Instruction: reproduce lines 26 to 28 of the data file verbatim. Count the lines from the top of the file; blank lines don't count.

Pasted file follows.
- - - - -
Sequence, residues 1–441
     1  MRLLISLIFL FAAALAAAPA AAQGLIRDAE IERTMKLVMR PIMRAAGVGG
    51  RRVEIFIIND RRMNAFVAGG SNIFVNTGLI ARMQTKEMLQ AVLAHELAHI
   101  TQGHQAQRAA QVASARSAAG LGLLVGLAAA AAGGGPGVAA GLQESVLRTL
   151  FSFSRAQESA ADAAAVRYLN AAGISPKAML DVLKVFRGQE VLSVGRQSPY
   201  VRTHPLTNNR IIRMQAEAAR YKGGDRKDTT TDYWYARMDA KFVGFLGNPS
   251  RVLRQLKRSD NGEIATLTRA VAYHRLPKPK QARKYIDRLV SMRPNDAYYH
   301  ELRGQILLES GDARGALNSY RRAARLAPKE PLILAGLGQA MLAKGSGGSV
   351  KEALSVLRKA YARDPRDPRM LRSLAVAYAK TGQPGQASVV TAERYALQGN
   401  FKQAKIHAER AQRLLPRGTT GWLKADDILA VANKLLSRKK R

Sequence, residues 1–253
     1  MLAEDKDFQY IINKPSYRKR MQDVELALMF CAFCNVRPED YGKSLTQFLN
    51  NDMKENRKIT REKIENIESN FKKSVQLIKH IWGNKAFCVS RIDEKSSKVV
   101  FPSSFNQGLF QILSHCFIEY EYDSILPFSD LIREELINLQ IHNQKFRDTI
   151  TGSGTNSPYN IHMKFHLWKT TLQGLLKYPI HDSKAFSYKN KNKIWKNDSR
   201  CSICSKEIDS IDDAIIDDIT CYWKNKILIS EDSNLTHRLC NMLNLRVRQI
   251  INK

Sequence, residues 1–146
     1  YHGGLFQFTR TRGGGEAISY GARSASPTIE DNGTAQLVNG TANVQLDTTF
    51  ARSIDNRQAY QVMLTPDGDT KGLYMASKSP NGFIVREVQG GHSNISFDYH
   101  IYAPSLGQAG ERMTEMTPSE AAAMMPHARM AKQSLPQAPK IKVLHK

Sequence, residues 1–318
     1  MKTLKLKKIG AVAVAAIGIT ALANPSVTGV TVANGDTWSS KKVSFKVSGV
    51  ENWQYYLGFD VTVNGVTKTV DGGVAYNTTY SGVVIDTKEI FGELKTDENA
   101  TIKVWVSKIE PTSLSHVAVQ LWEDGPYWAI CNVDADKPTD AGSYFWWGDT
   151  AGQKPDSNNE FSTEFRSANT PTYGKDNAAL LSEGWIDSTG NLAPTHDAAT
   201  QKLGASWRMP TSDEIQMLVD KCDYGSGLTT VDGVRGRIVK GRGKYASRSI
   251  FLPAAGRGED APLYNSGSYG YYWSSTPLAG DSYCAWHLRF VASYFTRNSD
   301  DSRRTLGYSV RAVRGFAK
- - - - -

   151  AGQKPDSNNE FSTEFRSANT PTYGKDNAAL LSEGWIDSTG NLAPTHDAAT
   201  QKLGASWRMP TSDEIQMLVD KCDYGSGLTT VDGVRGRIVK GRGKYASRSI
   251  FLPAAGRGED APLYNSGSYG YYWSSTPLAG DSYCAWHLRF VASYFTRNSD